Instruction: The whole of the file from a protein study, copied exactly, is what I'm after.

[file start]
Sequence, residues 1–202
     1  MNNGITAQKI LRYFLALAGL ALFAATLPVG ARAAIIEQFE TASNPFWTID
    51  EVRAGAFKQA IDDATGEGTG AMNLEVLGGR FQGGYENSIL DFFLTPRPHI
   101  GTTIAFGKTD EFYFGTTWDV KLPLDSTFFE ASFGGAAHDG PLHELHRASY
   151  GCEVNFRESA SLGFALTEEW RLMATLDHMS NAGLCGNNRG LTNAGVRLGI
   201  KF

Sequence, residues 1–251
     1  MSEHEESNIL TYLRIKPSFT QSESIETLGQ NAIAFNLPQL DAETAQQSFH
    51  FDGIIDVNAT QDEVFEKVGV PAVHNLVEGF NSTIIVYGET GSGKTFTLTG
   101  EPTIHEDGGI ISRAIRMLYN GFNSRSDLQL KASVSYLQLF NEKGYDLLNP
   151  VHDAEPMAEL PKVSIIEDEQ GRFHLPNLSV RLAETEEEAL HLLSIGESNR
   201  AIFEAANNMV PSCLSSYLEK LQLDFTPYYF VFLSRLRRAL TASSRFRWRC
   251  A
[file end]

Sequence, residues 1–202
     1  MNNGITAQKI LRYFLALAGL ALFAATLPVG ARAAIIEQFE TASNPFWTID
    51  EVRAGAFKQA IDDATGEGTG AMNLEVLGGR FQGGYENSIL DFFLTPRPHI
   101  GTTIAFGKTD EFYFGTTWDV KLPLDSTFFE ASFGGAAHDG PLHELHRASY
   151  GCEVNFRESA SLGFALTEEW RLMATLDHMS NAGLCGNNRG LTNAGVRLGI
   201  KF

Sequence, residues 1–251
     1  MSEHEESNIL TYLRIKPSFT QSESIETLGQ NAIAFNLPQL DAETAQQSFH
    51  FDGIIDVNAT QDEVFEKVGV PAVHNLVEGF NSTIIVYGET GSGKTFTLTG
   101  EPTIHEDGGI ISRAIRMLYN GFNSRSDLQL KASVSYLQLF NEKGYDLLNP
   151  VHDAEPMAEL PKVSIIEDEQ GRFHLPNLSV RLAETEEEAL HLLSIGESNR
   201  AIFEAANNMV PSCLSSYLEK LQLDFTPYYF VFLSRLRRAL TASSRFRWRC
   251  A